How LEED Changed a Mid-Size City

LEED Grand Rapids

A lot of Midwestern cities were hit especially hard in the 2008 economic downturn, and many have been slow to recover.

Grand Rapids is one city that has used green building as one way to ensure that this “rust belt” town has a green and vibrant future.

As the second largest city in Michigan, Grand Rapids, has a long history in manufacturing a diverse array of products. In the 90s, that didn’t look like a promising position, but the city had a number of advantages as well, including a city government and civic leaders who worked together to develop a sustainability plan for the region. Part of the city’s plan was a commitment to “green building,” measured in goals to increase LEED certified buildings.

What is LEED?

The LEED (Leadership in Energy and Environmental Design) program is a 3rd party certification system maintained by the USGBC (United States Green Building Council). It provides one way of measuring how efficient and sustainable a building is, by evaluating a building’s performance in key areas: energy savings, CO2 emissions reduction, water efficiency, sustainable materials, and resources used, among others. LEED has evolved through several revisions since its introduction in 1998, and remains the most recognized of green building standards in the United States.

What Happened in Grand Rapids

In Grand Rapids, LEED certification has been enthusiastically promoted as a sign of commitment to the environment and health of residents. In 2014, the USGBC recognized the greater Grand Rapids area as having the most LEED fellows per capita within the United States. Many buildings around Grand Rapids are the first of their type to achieve a LEED certification, including the first art museum, residence, YMCA, and Habitat for Humanity home. One building on 2nd Street NW even achieved the world’s highest LEED rating to date in 2012.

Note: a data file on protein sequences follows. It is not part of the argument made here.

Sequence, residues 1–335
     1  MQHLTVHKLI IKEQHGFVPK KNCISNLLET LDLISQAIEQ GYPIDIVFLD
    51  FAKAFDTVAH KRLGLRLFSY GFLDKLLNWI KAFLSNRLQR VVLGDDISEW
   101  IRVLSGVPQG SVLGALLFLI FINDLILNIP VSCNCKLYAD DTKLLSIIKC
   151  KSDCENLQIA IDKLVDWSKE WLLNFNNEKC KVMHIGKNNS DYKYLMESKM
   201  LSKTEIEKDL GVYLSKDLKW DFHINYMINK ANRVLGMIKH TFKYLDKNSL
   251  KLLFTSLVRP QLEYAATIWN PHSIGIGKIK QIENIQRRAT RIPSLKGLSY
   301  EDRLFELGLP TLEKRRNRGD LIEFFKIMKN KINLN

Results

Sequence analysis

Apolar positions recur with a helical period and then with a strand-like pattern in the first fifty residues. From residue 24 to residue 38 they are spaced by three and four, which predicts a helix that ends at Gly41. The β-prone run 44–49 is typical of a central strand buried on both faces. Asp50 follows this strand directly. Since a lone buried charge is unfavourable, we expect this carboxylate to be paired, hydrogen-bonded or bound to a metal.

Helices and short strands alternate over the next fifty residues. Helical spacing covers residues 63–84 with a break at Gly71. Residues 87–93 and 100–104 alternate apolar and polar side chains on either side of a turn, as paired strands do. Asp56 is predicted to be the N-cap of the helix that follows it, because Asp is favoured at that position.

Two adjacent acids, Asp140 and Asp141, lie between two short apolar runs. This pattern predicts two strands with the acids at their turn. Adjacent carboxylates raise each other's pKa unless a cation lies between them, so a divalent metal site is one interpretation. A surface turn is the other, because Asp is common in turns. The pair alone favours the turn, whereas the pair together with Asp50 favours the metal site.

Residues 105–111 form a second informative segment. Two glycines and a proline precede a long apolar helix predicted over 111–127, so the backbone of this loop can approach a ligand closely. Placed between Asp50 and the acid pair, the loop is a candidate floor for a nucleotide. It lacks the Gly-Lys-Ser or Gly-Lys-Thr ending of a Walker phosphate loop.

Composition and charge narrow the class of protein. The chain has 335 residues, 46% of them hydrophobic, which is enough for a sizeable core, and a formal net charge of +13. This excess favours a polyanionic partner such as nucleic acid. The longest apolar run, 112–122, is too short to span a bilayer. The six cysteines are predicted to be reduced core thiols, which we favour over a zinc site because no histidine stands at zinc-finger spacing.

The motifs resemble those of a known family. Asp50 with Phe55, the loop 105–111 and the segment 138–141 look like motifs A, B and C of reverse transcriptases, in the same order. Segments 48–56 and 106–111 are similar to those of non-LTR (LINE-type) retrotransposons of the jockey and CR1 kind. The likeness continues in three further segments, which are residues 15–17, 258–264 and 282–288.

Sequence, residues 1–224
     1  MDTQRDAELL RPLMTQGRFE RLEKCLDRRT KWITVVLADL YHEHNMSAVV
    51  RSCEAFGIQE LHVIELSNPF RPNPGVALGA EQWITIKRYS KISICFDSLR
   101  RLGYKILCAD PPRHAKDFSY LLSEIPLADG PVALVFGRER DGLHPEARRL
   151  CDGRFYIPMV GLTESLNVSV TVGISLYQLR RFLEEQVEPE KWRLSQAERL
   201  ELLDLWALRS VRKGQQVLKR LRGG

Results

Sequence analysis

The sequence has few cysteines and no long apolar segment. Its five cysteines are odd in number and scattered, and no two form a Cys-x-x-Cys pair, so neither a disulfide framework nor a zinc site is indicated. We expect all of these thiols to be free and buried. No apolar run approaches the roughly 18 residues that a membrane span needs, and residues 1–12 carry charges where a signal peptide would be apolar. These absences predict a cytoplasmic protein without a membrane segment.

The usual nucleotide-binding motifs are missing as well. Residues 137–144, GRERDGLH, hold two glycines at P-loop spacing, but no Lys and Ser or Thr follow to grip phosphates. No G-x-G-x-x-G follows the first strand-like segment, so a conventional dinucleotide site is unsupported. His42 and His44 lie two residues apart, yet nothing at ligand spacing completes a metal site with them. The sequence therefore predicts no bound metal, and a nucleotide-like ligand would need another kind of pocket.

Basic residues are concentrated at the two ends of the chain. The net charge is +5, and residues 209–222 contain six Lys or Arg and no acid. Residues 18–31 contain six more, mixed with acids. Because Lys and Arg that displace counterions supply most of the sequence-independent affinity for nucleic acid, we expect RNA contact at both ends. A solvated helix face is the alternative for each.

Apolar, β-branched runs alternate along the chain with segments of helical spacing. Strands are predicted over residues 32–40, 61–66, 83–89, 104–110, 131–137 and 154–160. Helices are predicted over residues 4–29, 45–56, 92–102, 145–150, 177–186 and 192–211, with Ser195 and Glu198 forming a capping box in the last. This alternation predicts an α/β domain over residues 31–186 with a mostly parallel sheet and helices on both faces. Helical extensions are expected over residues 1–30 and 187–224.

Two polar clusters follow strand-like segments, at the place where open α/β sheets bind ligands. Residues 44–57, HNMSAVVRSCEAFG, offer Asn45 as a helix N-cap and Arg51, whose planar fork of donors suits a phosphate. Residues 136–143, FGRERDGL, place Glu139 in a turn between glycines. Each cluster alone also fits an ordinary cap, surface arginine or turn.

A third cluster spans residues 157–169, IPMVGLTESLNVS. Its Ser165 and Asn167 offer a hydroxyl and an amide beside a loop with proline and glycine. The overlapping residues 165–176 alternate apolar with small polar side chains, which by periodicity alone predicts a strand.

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Many businesses, homes, and government facilities have made the effort and investment to achieve LEED certification, which benefits the community in several ways.

  • Sustainability. Buildings that have obtained LEED certification project a positive environmental image to the community. When a business, agency, or homeowner decides to get their building registered, they demonstrate a commitment to sustainability and green building practices.
  • Savings. By using many green building practices in any given building, owners can expect energy and cost savings over the life of the structure.
  • Expertise. The mass of LEED certified buildings in Grand Rapids means that many local builders, contractors, architects, and other professionals have developed fluency with green building methods.
  • Quality of Life. An important component of the LEED system is that it factors in human health, holding building materials to a higher standard. In other words, it’s not enough to simply create a tight and energy efficient building – builders and designers are challenged to use clean materials like steel, and methods like natural ventilation to address the health of the building’s occupants. Buildings that are designed or remodeled to the LEED standard have benefits like improved indoor air quality and plenty of daylight, which in the end contribute to better health and quality of life.

Quality Edge, with headquarters in Walker, just outside Grand Rapids, reaps the benefit of a community with such a passion for green building. As a manufacturer of sustainable steel and aluminum residential building products, we know that programs like LEED encourage a greater commitment to green building practices among all homeowners. And that can only benefit our families and strengthen our communities.